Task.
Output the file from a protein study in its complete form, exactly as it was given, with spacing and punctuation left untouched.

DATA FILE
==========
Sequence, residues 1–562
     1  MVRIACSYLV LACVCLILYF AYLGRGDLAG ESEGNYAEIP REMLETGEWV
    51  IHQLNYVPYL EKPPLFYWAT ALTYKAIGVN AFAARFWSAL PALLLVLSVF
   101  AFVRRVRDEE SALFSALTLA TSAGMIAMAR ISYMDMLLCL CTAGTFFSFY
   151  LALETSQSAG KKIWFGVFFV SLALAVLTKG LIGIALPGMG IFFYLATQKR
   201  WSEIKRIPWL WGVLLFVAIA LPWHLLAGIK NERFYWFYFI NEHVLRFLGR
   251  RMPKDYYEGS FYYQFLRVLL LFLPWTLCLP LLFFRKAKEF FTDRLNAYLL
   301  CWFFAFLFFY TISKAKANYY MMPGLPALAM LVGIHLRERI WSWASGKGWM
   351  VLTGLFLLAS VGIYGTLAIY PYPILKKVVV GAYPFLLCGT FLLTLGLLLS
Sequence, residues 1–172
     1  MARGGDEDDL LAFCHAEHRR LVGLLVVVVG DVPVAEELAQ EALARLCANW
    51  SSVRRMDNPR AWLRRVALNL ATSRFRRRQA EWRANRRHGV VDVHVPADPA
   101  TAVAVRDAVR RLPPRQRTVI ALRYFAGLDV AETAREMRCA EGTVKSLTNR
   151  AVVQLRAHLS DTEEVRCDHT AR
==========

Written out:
Sequence, residues 1–562
     1  MVRIACSYLV LACVCLILYF AYLGRGDLAG ESEGNYAEIP REMLETGEWV
    51  IHQLNYVPYL EKPPLFYWAT ALTYKAIGVN AFAARFWSAL PALLLVLSVF
   101  AFVRRVRDEE SALFSALTLA TSAGMIAMAR ISYMDMLLCL CTAGTFFSFY
   151  LALETSQSAG KKIWFGVFFV SLALAVLTKG LIGIALPGMG IFFYLATQKR
   201  WSEIKRIPWL WGVLLFVAIA LPWHLLAGIK NERFYWFYFI NEHVLRFLGR
   251  RMPKDYYEGS FYYQFLRVLL LFLPWTLCLP LLFFRKAKEF FTDRLNAYLL
   301  CWFFAFLFFY TISKAKANYY MMPGLPALAM LVGIHLRERI WSWASGKGWM
   351  VLTGLFLLAS VGIYGTLAIY PYPILKKVVV GAYPFLLCGT FLLTLGLLLS
Sequence, residues 1–172
     1  MARGGDEDDL LAFCHAEHRR LVGLLVVVVG DVPVAEELAQ EALARLCANW
    51  SSVRRMDNPR AWLRRVALNL ATSRFRRRQA EWRANRRHGV VDVHVPADPA
   101  TAVAVRDAVR RLPPRQRTVI ALRYFAGLDV AETAREMRCA EGTVKSLTNR
   151  AVVQLRAHLS DTEEVRCDHT AR